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The Effects of Desert Particles Coated with Sulfate on Rain Formation in the Eastern Mediterranean

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  • 1 Raymond and Beverly Sackler Faculty of Exact Science, Department of Geophysics and Planetary Science, Tel Aviv University, Ramat Aviv, Israel
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Abstract

Measurements of aerosol composition in the eastern Mediterranean reveal that sulfate is found in most aerosol particles. Some of the large particles contain mixtures of chemicals such as sulfate and sea salt. The most striking observation is the discovery that mineral dust particles often get coated with sulfate and other soluble materials. The amount of soluble material on these particles is found to be related to their surface area, suggesting that the deposition process could be surface dependent. The mechanism by which sulfate is found on some of the mineral dust particles is believed to originate from evaporating cloud drops, which were originally nucleated on sulfate cloud condensation nuclei (CCN) and subsequently collected dry interstitial mineral dust particles. The presence of soluble material on mineral dust particles, converts the latter into effective giant CCN. This is further corroborated by the fact that the few large drops near the bases of convective clouds near the coast of Israel sometimes contain both dust and sulfate. Calculations show that the presence of such large CCN could be instrumental in producing large drops (20–40 µ m), which would accelerate precipitation development through drop growth by collection. Ice crystal concentration in these types of clouds was found to be much higher than expected based on previously reported measurements of ice nuclei. These high concentrations are believed to be produced by one or more of the ice multiplication processes such as the Hallett–Messop mechanism and/or the enhanced nucleation of ice under supersaturation conditions. Both ice multiplication mechanisms are possible when large drops are formed. These findings paint out that many of the rain clouds in this region have mixed characteristics (between maritime and continental).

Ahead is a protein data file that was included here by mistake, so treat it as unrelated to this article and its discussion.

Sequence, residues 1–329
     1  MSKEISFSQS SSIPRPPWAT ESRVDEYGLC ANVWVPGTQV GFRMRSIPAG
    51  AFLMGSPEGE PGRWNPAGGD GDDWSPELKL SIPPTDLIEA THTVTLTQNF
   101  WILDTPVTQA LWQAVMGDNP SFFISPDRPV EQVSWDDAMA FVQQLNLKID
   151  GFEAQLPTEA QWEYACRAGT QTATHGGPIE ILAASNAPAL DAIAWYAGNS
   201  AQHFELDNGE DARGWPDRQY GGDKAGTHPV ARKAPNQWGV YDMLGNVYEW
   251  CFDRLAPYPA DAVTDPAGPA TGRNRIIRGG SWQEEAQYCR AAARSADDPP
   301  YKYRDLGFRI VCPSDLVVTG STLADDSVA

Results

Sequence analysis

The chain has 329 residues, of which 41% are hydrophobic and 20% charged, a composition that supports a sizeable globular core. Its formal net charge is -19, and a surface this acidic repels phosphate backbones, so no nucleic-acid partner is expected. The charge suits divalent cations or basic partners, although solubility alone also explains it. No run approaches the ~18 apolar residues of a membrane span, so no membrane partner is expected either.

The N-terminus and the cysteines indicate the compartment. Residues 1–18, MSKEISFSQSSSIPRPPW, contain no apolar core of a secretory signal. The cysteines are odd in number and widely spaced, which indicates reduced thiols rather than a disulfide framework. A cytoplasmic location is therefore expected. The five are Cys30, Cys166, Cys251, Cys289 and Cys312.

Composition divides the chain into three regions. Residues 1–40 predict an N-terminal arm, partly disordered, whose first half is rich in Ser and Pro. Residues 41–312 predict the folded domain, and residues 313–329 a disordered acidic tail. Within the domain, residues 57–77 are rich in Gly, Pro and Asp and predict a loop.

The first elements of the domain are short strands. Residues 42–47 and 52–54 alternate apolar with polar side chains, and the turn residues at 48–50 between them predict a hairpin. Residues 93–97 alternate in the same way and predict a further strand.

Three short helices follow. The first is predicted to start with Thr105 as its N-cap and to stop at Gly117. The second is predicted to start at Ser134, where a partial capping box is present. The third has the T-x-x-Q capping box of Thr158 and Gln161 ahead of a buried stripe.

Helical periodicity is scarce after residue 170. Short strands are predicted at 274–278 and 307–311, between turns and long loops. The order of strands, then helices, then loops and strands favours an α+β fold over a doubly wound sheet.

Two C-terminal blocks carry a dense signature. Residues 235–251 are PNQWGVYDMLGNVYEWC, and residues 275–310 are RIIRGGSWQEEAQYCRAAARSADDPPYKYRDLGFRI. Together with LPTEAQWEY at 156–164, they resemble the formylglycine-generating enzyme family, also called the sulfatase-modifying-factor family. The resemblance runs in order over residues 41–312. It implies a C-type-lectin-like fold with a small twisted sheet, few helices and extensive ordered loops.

Since cloud seeding with ice nuclei attempts to increase ice crystal content in the clouds in order to enhance rain, the use of such seeding techniques in these clouds seems to be fruitless since any additional ice would not enhance rain or may even reduce it.

Abstract

Measurements of aerosol composition in the eastern Mediterranean reveal that sulfate is found in most aerosol particles. Some of the large particles contain mixtures of chemicals such as sulfate and sea salt. The most striking observation is the discovery that mineral dust particles often get coated with sulfate and other soluble materials. The amount of soluble material on these particles is found to be related to their surface area, suggesting that the deposition process could be surface dependent. The mechanism by which sulfate is found on some of the mineral dust particles is believed to originate from evaporating cloud drops, which were originally nucleated on sulfate cloud condensation nuclei (CCN) and subsequently collected dry interstitial mineral dust particles. The presence of soluble material on mineral dust particles, converts the latter into effective giant CCN. This is further corroborated by the fact that the few large drops near the bases of convective clouds near the coast of Israel sometimes contain both dust and sulfate. Calculations show that the presence of such large CCN could be instrumental in producing large drops (20–40 µ m), which would accelerate precipitation development through drop growth by collection. Ice crystal concentration in these types of clouds was found to be much higher than expected based on previously reported measurements of ice nuclei. These high concentrations are believed to be produced by one or more of the ice multiplication processes such as the Hallett–Messop mechanism and/or the enhanced nucleation of ice under supersaturation conditions. Both ice multiplication mechanisms are possible when large drops are formed. These findings paint out that many of the rain clouds in this region have mixed characteristics (between maritime and continental).

Since cloud seeding with ice nuclei attempts to increase ice crystal content in the clouds in order to enhance rain, the use of such seeding techniques in these clouds seems to be fruitless since any additional ice would not enhance rain or may even reduce it.

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